How Cyberpunk 2077 sold a promise and rigged the system

CD Projekt Red had almost a decade to design the big one Cyberpunk 2077 mythos. Game reviewers only had a few days to review it and were paralyzed about how to portray it. Gamers who dropped $ 60 on this cyberpunk fun palace in 2019 staggered; all the hot air rushed out. A professional reviewer, Kallie Plagge, admitted Cyberpunk 2077 a 7/10 on GameSpot– not even a pan – criticism of the one-dimensional world structure, disconnected side quests and large-scale technical problems. Mass harassment attended the review. Reactionary YouTubers, who had no access to the game, devoted lengthy videos to dismantling her criticism, dissecting her playtime and playing style. But just days later when gamers had finally played Cyberpunk 2077 many did a 180 themselves. ”Everyone was talking about her, but I’m starting to agree with Kelly [sp] Plagge, ”read a popular post at / r / cyberpunkgame.

CD Projekt Red isn’t the first or only gaming company to run marketing psy-ops. In 2016 No Man’s Sky literally promised the world and an infinite number of others; it was planned to be the most expansive, the most compelling, the most most game up to that point. But because the studio behind it, Hello Games, didn’t offer it to reviewers at all before launch, gamers found out the hard way that it didn’t work for basics like multiplayer connectivity. This year alone, WIRED received more than a dozen offers to review major games associated with NDAs. It’s not always to hide flaws; sometimes it’s to avoid spoilers, or the result of an overzealous PR team. But when reviewers put on those kinds of handcuffs, it ends up hurting the people who buy the games.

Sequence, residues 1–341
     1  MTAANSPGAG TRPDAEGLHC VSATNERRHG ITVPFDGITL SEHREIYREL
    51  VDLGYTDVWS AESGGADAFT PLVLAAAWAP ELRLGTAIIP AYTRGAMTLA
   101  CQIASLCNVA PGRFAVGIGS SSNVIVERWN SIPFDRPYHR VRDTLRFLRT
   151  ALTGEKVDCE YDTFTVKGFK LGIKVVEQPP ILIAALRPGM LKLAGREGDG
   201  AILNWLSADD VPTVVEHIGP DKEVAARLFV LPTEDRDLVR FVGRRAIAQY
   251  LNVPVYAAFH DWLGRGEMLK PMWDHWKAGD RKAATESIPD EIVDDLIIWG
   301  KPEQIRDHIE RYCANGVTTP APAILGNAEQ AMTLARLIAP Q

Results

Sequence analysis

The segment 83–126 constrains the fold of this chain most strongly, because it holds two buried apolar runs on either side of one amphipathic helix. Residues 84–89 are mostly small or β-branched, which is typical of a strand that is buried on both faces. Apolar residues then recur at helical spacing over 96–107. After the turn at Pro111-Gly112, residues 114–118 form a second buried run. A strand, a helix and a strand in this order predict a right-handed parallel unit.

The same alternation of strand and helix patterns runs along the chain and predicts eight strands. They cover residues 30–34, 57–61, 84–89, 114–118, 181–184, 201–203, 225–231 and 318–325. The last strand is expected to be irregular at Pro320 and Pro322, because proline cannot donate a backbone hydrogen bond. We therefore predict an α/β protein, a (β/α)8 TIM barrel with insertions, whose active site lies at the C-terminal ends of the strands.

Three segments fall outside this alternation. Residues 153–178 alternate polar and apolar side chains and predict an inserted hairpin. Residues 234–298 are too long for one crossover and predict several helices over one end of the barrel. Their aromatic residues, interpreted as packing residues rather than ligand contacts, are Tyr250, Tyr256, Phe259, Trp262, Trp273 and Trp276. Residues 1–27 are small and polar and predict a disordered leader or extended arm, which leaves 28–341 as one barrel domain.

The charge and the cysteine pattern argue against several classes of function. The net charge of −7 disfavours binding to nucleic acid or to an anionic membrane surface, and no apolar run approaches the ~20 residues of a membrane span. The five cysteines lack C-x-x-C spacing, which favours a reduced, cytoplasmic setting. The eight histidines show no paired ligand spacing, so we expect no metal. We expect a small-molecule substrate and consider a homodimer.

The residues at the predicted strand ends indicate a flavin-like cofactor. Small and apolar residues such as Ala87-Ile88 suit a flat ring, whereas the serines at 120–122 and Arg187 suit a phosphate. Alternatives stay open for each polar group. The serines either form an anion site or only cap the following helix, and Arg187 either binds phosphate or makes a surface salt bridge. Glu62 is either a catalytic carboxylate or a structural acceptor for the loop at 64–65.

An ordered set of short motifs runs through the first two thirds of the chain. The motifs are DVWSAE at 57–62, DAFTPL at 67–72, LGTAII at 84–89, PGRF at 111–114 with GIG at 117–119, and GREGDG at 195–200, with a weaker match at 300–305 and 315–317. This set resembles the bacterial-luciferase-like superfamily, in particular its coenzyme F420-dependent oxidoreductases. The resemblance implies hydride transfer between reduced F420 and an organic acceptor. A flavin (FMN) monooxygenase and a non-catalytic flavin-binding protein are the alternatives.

As the games industry market size reaches $ 60.4 billion, the pressure to micromanage the rating system is growing. As an example, Bloomberg reported that CD Projekt Red’s developer bonuses depended on a 90+ on Metacritic. (That changed after release.) The company had built the video game equivalent of a ghost in a bottle. So it did what everyone else does when they get a little bit of power: control the story. CD Projekt Red has rejected WIRED’s request for comment.

The same incentives also set the system against developers, who pull six-day workweeks and sacrifice work-life balance to manifest slogans like ‘a city bigger than life,’ ” sets new standards in visuals, complexity and draft ‘. These are the modern expectations for a 60-hour, AAA open world game – a genre that is becoming more and more bloated and unsustainable. In June, former PlayStation manager Sean Layden complained about the enormous financial burden and workload of developing these types of games for “I think the industry as a whole should sit back and say, ‘Okay, what are we building? What does the audience expect? What’s the best way to get our story across and say what to say?’

But eight million pre-orders say all this stage management benefits someone. Video games are particularly sensitive to bait-and-switch. Games are identities as well as hobbies: a place to be yourself and discover who you are and something you do and own. Better customization, bigger worlds, better graphics – more, more, more – it’s not sustainable. But a system that feeds on hope will only grow as great as the trust placed in it.

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